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10 Things You Don’t Know About Psychomotor Agitation

10 Things You Don’t Know About Psychomotor Agitation

Psychomotor agitation is a behavioral and psychological symptom that equates to nervous energy. People experiencing it may feel as if they have an emotion that movement won't get out. These people may be unable to sit still or remain calm. They may pace around back and forth, tap their fingers or feet, and may not be able to finish their thoughts or sentences. Psychomotor agitation is not well measured or defined even within the medical community. Those experiencing this symptom may complain of a head bursting or cramped with thoughts and general emotional distress

What Is Psychomotor Agitation?

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It is a feeling of internal restlessness that typically causes someone to make unintentional, repetitive, or purposeless movements. Increased anxiety and mental tension may lead to an increase in feelings of inner restlessness. In response, someone may engage in movement without purpose. Inner restlessness and mental anxiety are expressed physically through movements. In some cases, psychomotor agitation may not be considered present if it presents with inner restlessness but not motor activity.

According to the ICD-10, some synonyms for psychomotor agitation are the following:

  • Agitated wandering
  • Aimless movement
  • Aimless overactivity
  • Constant movement
  • Continuously shifting in while seated
  • Feeling agitated 
  • Fidgeting
  • Pacing back and forth/up and down
  • Restlessness
  • Restlessness and agitation
  • Squirming 
  • Stress and adjustment reaction
  • Stress reaction with psychomotor agitation
  • Wandering

10 Things You Need to Know about Psychomotor Agitation

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1. Adverse Feelings Are Frequently Associated with Psychomotor Agitation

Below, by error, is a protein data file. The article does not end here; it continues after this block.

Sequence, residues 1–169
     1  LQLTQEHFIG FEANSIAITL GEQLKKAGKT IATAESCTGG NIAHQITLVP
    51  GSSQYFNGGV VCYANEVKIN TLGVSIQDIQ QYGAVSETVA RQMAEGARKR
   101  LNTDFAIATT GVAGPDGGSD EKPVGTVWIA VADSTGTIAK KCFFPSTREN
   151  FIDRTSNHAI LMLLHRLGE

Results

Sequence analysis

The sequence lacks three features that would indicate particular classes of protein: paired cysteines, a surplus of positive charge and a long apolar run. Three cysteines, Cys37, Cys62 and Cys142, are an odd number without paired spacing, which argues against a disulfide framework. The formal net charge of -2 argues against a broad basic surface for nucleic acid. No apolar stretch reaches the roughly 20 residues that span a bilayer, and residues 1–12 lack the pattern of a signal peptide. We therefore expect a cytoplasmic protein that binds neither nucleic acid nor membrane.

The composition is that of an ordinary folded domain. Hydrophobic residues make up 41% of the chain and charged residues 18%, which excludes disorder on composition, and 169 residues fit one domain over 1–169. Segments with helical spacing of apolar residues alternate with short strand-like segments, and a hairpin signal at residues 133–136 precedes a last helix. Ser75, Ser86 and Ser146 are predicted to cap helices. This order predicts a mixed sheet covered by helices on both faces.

2. There Are Many Behavioral Manifestations of Psychomotor Agitation

3. People Experiencing This Symptom May Have a Particular Behavioral Style Associated with Their Movements

4. In Severe Cases, People with Psychomotor Agitation May Inflict Harm on Themselves

5. People Experiencing This Symptom May Be Hypersensitive and Alert around Others

6. It Is Not Always Associated with Mental Tension and Anxiety

7. Changes in Motor Activity Can Point to Change in an Underlying Mental Condition

8. There Are Many Causes of Psychomotor Agitation

9. Psychomotor Agitation Presents Most Commonly in Bipolar Disorder

10. This Symptom Can Be Difficult to Deal with By Using Relaxation Techniques Alone 

Treatment of Psychomotor Agitation

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Treatment may include prescription medication and a range of specific therapy practices such as learning emotional regulation skills. With the right treatment, psychomotor agitation can be managed. If you or someone you care about is experiencing this symptom, it is important that you talk with a doctor or mental health professional who can provide the right kind of treatment. If treatment is not sought at the onset of symptoms, symptoms can worsen over time, becoming increasingly distressing or even violent in nature.

If the agitation is caused by depression or mania, mood stabilizers and antipsychotics may be prescribed to help control it. Sometimes, medications such as antipsychotics can actually cause agitation. If that is the case, a new medication will be prescribed. If the underlying cause of the agitation is psychosis, benzodiazepines have been known to help in conjunction with antipsychotics. Importantly, benzodiazepines should not be taken without an antipsychotic in psychotic disorders. In hospitals, the typical treatment for acute agitation is haloperidol with lorazepam.

Conclusion

Psychomotor agitation is the physical expression of anxiety and mental tension. These movements happen in response to an increase in feelings of restlessness due to heightened anxiety. Internal pressure drives external movement. It is a symptom of depressive, hypomanic or manic, and mixed episodes in mood disorders.

Psychomotor agitation, as a symptom, is subject to the mood episode in which it occurs. It may occur with emotional distress but not always. People experiencing this symptom experience it as occurring unintentionally as if on a subconscious level. The underlying feelings are often experienced as much more distressing than the unintentional movements they influence. This may be intolerable to the sufferer. As such, it is important to talk to a doctor if you are experiencing mental health issues such as agitation.

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